Well, my corner of it these days.
I was thinking about this as I took the photograph that you see below.
I took it from where the big cheerfully orange couch in our kitchen-dining room.
It actually captures so much of how my world is these days.
Lily was snuggled up against me for a while, but has slithered down and over to her water bowl and presently, skittered off.
In search of even greater comfort. Or to annoy Bella, who will most likely snarl half-heartedly at her and flounce off.
Upstairs, both my kids are school-Zooming, gaming, snap-chatting and generally living their closed in, closed off, yet hectic lives.
No radio on down here … tired of these heavy, grey discussions about Covid, hospitals, death and vaccine roll outs, and Brexit, and Trump, and all the stuff they’re giving out about in the media (and me along with them) … talk as heavy and grey as the winter sky you can see in the photograph through the window on the left, and beyond the patio doors to the right.
Covid, death and dying in the big big world? There is no need to go into all that, as Derek Mahon put it in that gorgeous poem that captured Irish hearts early on during … which lockdown was it again, what level? …
It’s the small world I’m thinking about now.
My world …
From time to time I jot down lines in my head, big, big lines to capture the big, big picture …
But nothing worth committing to posterity: nothing to write home about, as we say.
My kids are too big, too complex, and too precious now to write comfortably about them … my wife is so lovely I don’t want to write anything about her here either.
So I’m looking around my kitchen dining-room and glazing out my window …
… I have to pause here now as my son is on a break and expects me to make lunch … he never says so directly, but lets me know in that that wonderful understated way of his … expectant, but also appreciative, and I resentfully love it.
Besides, it won’t be forever …
And anyway, it gives me a chance to work a little on my spontaneity here …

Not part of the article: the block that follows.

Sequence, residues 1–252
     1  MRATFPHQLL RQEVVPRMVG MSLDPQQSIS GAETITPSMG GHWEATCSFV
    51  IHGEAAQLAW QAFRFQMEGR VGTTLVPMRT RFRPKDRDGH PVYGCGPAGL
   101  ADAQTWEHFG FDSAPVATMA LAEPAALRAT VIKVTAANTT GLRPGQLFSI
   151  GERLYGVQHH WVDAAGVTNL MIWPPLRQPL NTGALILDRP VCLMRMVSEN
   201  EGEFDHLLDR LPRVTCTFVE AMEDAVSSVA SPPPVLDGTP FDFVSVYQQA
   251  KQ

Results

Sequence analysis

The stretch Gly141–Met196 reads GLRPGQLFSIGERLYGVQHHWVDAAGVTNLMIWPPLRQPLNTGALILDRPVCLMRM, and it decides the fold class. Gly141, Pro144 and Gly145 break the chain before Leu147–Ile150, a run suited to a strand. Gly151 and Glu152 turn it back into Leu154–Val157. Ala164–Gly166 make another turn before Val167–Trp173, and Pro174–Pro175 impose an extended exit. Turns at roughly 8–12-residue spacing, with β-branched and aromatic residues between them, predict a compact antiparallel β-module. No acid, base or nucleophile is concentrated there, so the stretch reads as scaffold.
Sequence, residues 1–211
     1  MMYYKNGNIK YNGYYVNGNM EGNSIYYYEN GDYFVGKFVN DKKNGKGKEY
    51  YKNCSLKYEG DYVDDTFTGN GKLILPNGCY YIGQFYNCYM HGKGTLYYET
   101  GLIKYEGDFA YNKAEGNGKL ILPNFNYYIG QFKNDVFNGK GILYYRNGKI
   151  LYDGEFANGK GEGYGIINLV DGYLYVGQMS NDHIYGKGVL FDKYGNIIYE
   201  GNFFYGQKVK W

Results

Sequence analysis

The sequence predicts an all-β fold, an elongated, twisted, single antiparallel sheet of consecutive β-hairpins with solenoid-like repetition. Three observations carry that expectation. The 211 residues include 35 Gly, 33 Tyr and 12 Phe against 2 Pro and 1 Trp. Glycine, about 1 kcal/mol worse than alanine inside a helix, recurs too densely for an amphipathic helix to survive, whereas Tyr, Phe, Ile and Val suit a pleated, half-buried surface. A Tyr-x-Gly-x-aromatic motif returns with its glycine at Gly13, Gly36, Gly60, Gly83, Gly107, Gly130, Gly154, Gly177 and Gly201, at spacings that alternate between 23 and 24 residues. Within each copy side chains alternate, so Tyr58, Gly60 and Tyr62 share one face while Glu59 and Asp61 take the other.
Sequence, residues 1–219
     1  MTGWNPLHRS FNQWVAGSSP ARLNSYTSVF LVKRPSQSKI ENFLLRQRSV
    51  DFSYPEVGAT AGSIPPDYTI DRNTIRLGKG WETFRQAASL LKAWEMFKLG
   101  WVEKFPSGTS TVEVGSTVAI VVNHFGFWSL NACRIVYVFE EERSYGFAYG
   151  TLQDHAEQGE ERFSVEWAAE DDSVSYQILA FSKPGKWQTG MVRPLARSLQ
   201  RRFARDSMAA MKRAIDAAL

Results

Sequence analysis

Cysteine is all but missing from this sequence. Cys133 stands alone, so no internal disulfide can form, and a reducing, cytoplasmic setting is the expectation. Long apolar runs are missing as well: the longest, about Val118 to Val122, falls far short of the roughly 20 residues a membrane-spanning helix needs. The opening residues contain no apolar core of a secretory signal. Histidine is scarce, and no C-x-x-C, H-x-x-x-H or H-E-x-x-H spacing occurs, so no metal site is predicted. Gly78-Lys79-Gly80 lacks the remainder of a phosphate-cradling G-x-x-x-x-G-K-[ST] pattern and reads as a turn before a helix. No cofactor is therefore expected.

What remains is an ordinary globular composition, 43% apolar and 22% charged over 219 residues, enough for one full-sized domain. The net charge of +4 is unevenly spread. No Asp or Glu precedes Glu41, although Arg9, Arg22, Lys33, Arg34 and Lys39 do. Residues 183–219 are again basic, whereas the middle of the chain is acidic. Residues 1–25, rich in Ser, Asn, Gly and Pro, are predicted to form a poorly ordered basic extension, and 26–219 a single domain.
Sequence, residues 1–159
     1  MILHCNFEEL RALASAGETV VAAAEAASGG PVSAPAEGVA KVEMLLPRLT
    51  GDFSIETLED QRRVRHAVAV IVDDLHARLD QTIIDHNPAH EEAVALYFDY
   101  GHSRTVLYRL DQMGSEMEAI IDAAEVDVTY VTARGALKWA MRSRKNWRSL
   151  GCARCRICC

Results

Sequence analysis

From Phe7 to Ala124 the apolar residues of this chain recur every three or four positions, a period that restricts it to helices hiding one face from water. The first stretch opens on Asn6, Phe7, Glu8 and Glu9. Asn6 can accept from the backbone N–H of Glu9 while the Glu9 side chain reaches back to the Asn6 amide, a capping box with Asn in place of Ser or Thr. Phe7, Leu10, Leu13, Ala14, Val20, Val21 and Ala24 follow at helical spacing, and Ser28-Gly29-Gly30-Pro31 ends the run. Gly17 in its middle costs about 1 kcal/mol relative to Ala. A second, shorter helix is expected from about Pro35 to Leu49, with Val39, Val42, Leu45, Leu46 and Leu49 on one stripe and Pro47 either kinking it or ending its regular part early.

So where was I … oh yes, just this morning, Michele Somerville, a blogger and benign spirit who follows my own blog, took the trouble to contact me. I hadn’t blogged in ages, and she wondered how I was. Said she missed my blog.
So sweet. So thoughtful.
And it kind of sparked me up a bit, and these lines are the result, I guess.
It’s as tentative as that for me … writing or not writing.
Back to the photograph: in the left-hand corner, on the table you can see a finished mug of coffee — a pleasure and a necessity, and my sixty-zillionth since all this began, and beside it a wonderful book I have just finished, A Spool Of Blue Thread, by the great Anne Tyler.
To talk about it at length would be too distracting here, so I’ll just say it’s the best of hers I have read. And that’s saying something.
And I’m also glowing in that lovely after-melancholy that hits me at the end of any great book, album, film or TV/Netflix series.
Hard to miss those splendid lilies right in the middle of the table in the photograph … put there by my lovely A, who adores flowers, especially lilies.
The fact they are there in the centre, is also so very A.
She loves nice things … clothes, jewellery, shoes, fresh sheets and duvet … and when she gets a new piece of jewellery, or a new outfit, or cool shoes, she does not save them for rainy days, or introduce them tentatively … she wears them up front, straight off, for all the world to see and admire.
It’s not just about her, or for her, she just loves to share lovely things with me, with family, friends, the world. A proper extrovert.
The candle on the table is an A touch too … she is always buying them, and gifting them, and we’re all devotees now … even K puts on a lovely candle-show in her room.
She makes the world a brighter place, does my A … just look across at that cool mirror in the picture … with the coquettish green-jewelled eye, hanging in the corner.
Deadly, isn’t it? It’s by one of A’s favourite dress-designers, Joanne Hynes.
Through the big window, you can see our amazing bamboo copse …it’s like a mini-plantation now, it grows so voraciously and vigorously, and has to be hacked back regularly, but it sways so mesmerisingly in even the worst of weathers, and is an enduring joy.
The garden itself has been so much more than a refuge during all of this, and it was particularly gorgeous to look out on it during Christmas, with all the fantastic festive lights draping from the bamboo and the trees.
Already Christmas seems so long ago — isn’t that always the way?
A time to pause and to celebrate — if only our continued good health — but also a time to recall Christmases past, and the many good times in this same kitchen dining-room … people I have known, some who have sat at that table you see in the main photograph, and revelled and chatted here, who will not be returning …
The world outside this corner is vast, and volatile now.
But there’s no need to go into that …
Tomorrow we will be sitting at that same table for the 17th birthday of our daughter, lighting candles and celebrating again.
So, in ways, my world just this little corner, and the not so large bubble just beyond these walls where we walk and do our guarded business with masks on.
But in this private Tardis of my mind, there are no masks, no limits, and no pretences. For good or ill. But there is light, there is love, and there is a jewelled Joanne Hynes mirror in the corner.
Of my world.
Small but immense.
Thanks for reading — try another one … sure, why not follow my blog!